by Cat Reed
Those were the roots that the newly created stories ventured forth from, but it would seem that instead of embracing that part of the history, authors would rather avoid the fanfiction they used to write as one would avoid a dog in desperate need of a bath.
by Bryce Morris
Since the summer of 2017, I have been writing my own social media reviews on Instagram based on pop culture topics such as film, television, comic books, and video games. Before I write my Instagram reviews, I avoid any other reviews or comments that may influence my opinion before I view the product myself. It can be difficult to prevent others from influencing my opinion. In favor of collective opinions expressed on Instagram, Twitter, and Facebook becoming the determinant, the sacred days of everyone having their own distinct opinion seem to be fading into the background.
Social media sites have opened the floodgates for users to produce reviews and begin discussions of their own. Most social media users are so keen to have followers and an artificial sense of community that they will not hesitate to share misguided content. This can range widely, including news footage, articles, celebrity gossip, political prospects, and even reviews directed at several forms of media. Quite literally anyone, myself included, can go out and create a review with their smartphones or computers now, which is a scary ability that is already harming the world of entertainment. Everyone has a right to their own opinion, but when that single opinion actually stands in as the opinion of several others, then it becomes an issue within the world of creative expression.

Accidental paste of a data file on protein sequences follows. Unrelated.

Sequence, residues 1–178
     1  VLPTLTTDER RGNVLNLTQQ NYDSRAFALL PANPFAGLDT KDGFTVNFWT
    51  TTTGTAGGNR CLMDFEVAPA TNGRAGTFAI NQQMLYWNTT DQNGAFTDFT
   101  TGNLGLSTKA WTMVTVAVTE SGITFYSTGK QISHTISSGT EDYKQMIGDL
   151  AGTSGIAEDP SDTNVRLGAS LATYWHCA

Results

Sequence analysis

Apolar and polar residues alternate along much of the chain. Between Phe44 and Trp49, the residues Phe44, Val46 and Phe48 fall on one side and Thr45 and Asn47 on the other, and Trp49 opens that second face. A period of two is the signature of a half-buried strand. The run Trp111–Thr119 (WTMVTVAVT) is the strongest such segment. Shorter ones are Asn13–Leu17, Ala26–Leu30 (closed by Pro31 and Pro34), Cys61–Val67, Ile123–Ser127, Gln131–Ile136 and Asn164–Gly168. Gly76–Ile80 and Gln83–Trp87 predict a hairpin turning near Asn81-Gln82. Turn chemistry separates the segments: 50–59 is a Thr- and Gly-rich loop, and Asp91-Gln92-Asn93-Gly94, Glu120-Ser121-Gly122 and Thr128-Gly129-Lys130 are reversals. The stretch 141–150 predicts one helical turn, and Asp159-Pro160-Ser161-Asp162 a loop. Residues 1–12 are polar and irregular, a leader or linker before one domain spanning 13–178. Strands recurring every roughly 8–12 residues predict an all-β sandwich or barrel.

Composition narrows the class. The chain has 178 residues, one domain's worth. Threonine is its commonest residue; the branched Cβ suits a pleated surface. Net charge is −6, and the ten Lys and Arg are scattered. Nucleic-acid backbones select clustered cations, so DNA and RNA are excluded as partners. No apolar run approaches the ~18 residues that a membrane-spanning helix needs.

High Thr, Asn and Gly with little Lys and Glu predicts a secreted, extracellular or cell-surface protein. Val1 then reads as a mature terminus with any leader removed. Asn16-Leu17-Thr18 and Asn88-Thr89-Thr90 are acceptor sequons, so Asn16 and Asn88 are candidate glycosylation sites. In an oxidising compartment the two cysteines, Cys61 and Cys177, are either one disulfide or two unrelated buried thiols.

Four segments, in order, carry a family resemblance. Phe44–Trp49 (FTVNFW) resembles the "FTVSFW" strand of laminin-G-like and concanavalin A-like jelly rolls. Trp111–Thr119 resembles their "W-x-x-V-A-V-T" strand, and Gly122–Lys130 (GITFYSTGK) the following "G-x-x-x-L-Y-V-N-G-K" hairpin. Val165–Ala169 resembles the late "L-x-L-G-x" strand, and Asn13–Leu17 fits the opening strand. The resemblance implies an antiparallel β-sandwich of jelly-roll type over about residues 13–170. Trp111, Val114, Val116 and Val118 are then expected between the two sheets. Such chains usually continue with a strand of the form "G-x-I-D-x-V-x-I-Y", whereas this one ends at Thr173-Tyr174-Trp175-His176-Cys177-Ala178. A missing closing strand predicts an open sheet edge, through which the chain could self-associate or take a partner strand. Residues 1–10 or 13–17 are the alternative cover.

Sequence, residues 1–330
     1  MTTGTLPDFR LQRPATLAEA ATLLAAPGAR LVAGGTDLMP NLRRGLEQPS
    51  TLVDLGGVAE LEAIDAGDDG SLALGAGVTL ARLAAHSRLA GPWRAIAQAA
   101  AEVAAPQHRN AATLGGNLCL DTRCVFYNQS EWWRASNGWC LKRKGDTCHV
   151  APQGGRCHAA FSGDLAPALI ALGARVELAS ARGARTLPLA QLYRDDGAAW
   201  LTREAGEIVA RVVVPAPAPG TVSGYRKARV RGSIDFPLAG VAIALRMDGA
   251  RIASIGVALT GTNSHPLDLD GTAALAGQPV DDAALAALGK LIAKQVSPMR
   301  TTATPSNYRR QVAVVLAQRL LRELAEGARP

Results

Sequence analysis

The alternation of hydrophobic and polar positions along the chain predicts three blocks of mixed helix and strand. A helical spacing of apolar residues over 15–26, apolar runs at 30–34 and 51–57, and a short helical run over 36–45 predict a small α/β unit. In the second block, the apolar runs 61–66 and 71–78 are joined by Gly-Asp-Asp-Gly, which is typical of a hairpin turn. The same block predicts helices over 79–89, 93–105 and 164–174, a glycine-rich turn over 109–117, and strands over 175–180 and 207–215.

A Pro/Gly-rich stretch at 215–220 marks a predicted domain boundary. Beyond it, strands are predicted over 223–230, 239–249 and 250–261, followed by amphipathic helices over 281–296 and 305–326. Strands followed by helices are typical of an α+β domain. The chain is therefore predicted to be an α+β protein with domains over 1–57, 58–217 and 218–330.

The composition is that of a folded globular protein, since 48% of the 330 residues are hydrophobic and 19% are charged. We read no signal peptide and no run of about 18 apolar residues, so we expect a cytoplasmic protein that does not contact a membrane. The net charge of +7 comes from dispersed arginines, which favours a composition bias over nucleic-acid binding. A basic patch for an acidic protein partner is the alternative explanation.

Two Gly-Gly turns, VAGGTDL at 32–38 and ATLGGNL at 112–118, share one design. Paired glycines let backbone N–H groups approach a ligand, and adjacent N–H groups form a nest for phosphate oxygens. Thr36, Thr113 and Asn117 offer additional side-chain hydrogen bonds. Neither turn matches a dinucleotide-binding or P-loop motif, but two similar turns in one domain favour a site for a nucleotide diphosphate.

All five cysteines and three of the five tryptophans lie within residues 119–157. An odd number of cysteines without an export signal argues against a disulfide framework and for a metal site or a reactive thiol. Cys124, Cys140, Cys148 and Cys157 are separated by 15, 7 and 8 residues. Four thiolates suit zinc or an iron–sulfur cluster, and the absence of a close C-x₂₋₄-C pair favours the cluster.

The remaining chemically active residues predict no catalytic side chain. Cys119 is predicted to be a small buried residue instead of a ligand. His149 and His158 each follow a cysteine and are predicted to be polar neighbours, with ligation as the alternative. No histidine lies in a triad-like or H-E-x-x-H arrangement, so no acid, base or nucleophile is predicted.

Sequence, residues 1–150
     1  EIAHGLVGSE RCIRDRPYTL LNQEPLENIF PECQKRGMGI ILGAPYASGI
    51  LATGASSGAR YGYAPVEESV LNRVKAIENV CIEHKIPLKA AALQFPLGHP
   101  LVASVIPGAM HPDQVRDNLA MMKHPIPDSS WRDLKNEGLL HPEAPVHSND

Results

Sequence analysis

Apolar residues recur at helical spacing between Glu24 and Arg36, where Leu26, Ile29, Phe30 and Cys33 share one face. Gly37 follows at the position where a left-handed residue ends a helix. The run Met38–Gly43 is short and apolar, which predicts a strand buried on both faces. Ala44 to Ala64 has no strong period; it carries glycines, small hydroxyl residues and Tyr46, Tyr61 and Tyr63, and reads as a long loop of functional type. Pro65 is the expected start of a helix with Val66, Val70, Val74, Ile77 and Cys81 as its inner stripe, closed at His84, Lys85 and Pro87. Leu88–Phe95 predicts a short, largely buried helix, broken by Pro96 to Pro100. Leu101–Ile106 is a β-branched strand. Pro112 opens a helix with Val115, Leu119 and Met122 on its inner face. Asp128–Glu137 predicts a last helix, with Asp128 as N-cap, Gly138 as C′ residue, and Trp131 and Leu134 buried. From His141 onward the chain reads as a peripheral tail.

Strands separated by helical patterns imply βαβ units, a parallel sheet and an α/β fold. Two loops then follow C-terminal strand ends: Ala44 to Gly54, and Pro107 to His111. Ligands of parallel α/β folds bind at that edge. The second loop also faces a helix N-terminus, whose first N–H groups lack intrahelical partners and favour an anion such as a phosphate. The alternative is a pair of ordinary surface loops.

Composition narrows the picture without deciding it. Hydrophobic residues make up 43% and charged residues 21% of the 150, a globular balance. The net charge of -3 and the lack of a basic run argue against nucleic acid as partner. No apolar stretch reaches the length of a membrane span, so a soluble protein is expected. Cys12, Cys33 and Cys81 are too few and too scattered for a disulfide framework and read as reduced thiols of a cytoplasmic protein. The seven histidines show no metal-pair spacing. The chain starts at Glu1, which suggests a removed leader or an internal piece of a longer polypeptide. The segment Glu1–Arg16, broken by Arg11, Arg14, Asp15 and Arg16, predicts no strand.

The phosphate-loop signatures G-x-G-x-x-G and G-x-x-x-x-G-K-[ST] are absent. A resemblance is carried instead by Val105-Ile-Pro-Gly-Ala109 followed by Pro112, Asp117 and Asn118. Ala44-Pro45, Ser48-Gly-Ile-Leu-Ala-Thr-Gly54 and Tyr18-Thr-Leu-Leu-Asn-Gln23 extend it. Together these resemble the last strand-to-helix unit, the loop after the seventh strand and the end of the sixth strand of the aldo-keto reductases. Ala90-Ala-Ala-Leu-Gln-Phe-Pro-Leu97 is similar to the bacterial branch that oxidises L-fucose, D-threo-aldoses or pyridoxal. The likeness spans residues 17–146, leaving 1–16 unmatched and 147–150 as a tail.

by Angela Faustino
As someone who has dedicated her life to studying writing, I think a lot about what makes literature effective. There are the essentials of course, the rising and falling actions, a solid plot, conflict, a climax, and an end all resolution that concludes the story. I feel the most important thing that a story can give is a sense of other worldliness. When a piece is that good, it harnesses all of these elements, and leaves the reader with a sense of awe after its resolution.
As an avid gamer, and someone who enjoys watching playthroughs of games, I often wonder: Why aren’t video games considered valid pieces of literature?
by John Gross
Throughout time technology has changed how the writer crafts his novel. From pen and paper, to typewriters, to word processing—the tools of the trade are constantly evolving. In today’s world, the writer can craft a sentence and move it around to different places, supplementing paragraphs where he sees fit. This can be a powerful tool, that makes the revision process more fluid and dynamic. An author can be less committed to putting something on a page, where it can be easily reshaped, moved, and removed. While this technology has fundamentally changed how the novelist crafts his work, it hasn’t really changed how the reader consumes it. Sure, we are in a period of time that is showing the rise of e-readers and digital print, but ultimately the novel is being experienced in the same traditional way.
By Jessica M. Tuckerman
Here’s a brief description of one of my favorite stories: Desmond Miles just escaped from Abstergo Industries, the modern day face of the Knights Templar, after he was forced to live out the genetic memories of his ancestor who fought in the crusades. He escapes with Lucy Stillman and two others who help him to reach a secluded cave where Desmond relives the memories of Ezio Auditore da Firenze. The story jumps between Ezio’s story in the Italian Renaissance and the cave where Desmond is desperately trying to find an alien device which will destroy the world if it falls into the wrong hands. By reliving Ezio’s memories, Desmond hopes to find where the device is hidden before Abstergo catches up to him.
The story is full of twists and turns. I actually cried when Ezio, the narrator for much of the story, had to watch his family hang in the middle of Firenze. I love the plot, I love the framed narrative, I love seeing Italy during the Renaissance. I was consistently surprised throughout my first reading of the piece and I truly recommend that you pick it up.
The story is from Assassin’s Creed II. A video game.